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Most doctors of my acquaintance shun all the "mutation" forms of opera, whether these be saponified, equine, or merely clinical. They tread a wary course through the highly obstacled channels of television and hardly ever read any nonprofessional medical books. The fictional ennoblement (or bastardization, as the case may be) of medical practitioners can be trying.
Yet every doctor who carries around his own unwritten manuscript of the great medical novel in his imaginary literary portfolio (and who among us does not) owes it to himself to read at least one of this able surgeon-novelist's painless books, preferably the latest. Dr. Slaughter writes with refreshing, if dramatized, authenticity. His clear, easily readable style has something of the surgeon's precise and tidy technique. This book, rapidly paced, narrates the conversion of a small-town proprietary hospital into a voluntary one by a newly appointed, board-certified staff surgeon. The entrenched prophylactic surgeons thought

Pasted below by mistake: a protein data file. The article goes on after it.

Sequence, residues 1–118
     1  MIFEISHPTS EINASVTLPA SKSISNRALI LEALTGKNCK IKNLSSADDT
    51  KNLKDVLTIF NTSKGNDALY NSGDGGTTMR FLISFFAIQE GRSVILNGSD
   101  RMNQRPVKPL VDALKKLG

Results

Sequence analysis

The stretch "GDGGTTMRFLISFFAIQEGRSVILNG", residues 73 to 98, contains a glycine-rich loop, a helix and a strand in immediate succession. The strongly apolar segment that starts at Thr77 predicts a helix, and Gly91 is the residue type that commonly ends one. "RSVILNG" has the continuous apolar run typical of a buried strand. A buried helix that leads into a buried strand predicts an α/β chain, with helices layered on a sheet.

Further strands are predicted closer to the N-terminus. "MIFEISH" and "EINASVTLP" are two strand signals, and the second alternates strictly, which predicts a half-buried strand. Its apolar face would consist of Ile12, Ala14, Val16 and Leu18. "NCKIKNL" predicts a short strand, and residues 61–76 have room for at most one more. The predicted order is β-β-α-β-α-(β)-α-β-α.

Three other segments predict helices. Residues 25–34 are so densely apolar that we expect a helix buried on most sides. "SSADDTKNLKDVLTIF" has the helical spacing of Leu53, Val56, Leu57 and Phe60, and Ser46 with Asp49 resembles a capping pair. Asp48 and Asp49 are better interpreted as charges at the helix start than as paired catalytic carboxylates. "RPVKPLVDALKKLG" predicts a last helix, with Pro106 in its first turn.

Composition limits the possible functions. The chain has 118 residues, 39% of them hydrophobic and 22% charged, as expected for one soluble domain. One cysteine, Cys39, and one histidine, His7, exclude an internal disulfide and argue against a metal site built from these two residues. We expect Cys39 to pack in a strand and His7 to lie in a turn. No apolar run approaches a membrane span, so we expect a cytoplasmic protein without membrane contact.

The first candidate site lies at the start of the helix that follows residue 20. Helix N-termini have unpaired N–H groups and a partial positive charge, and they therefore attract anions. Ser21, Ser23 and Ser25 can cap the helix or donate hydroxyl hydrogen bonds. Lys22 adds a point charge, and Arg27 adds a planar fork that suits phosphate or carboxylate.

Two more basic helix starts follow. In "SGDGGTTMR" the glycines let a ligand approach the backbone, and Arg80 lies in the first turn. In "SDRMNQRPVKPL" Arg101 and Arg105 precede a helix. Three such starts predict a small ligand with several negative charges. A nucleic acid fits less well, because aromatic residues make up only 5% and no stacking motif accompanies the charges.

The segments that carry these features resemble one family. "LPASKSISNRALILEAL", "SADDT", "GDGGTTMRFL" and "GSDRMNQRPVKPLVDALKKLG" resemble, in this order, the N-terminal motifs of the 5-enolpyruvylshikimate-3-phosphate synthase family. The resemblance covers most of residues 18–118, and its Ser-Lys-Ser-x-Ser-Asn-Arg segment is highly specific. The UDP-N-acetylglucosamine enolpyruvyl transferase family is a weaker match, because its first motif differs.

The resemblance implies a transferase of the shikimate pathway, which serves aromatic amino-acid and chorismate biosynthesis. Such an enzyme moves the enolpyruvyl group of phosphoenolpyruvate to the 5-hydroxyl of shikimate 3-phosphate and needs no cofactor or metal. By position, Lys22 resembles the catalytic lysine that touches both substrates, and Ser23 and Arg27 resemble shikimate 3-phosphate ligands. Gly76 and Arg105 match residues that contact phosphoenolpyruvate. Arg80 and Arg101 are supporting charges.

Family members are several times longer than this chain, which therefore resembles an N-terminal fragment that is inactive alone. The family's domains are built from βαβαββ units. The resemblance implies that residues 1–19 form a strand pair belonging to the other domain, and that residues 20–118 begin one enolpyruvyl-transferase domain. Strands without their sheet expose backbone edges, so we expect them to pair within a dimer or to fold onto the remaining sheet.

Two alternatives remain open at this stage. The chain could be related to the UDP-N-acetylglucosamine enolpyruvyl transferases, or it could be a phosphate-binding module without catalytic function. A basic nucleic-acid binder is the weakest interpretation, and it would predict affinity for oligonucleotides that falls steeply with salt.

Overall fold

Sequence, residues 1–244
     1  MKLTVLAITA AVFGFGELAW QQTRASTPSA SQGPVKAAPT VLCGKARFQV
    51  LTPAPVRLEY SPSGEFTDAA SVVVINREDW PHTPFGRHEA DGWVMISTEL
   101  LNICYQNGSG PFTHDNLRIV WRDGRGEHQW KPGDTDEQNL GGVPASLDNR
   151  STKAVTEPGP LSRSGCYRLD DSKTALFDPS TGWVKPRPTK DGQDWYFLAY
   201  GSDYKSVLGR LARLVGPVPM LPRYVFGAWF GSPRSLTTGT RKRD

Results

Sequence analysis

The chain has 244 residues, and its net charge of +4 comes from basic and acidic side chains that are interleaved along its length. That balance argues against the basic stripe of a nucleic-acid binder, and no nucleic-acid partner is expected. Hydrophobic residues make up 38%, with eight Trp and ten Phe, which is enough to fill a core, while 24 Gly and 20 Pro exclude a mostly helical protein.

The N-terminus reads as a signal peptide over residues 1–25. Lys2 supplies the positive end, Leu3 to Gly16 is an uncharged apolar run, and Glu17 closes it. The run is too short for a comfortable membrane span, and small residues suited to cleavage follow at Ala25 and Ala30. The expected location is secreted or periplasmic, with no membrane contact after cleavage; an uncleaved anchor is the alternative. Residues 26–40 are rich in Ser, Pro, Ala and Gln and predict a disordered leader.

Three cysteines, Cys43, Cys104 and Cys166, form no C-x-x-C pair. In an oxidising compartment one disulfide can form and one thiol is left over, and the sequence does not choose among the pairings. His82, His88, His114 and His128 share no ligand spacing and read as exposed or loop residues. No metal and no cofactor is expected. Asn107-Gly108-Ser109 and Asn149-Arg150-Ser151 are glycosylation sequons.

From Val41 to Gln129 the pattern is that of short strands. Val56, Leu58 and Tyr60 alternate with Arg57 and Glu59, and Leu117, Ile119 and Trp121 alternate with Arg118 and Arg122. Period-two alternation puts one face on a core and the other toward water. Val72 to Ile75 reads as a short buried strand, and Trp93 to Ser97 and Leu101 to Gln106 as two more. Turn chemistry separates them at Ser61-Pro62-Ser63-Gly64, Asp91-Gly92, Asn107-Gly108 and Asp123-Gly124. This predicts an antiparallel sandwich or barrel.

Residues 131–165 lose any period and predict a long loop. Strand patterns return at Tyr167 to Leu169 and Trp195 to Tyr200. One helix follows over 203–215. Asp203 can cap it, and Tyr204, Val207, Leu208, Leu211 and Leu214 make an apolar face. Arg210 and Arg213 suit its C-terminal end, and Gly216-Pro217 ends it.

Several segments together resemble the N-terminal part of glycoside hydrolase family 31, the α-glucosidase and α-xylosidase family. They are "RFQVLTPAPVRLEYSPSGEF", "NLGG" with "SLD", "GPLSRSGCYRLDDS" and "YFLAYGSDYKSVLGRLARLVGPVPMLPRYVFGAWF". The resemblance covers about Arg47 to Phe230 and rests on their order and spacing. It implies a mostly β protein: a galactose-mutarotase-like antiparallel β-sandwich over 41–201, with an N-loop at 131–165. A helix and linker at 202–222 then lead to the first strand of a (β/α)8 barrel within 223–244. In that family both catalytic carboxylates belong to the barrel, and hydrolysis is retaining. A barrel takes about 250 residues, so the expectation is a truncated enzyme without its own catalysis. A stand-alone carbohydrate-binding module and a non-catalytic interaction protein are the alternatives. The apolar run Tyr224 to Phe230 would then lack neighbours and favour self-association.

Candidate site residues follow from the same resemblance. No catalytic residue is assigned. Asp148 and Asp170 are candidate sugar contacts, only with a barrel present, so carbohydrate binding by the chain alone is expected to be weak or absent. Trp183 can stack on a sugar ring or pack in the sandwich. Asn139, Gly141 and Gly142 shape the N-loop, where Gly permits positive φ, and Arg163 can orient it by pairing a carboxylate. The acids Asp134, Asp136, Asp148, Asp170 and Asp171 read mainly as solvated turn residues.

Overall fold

Wilens SL. A Savage Place. JAMA. 1964;188(9):835. doi:10.1001/jama.1964.03060350061039
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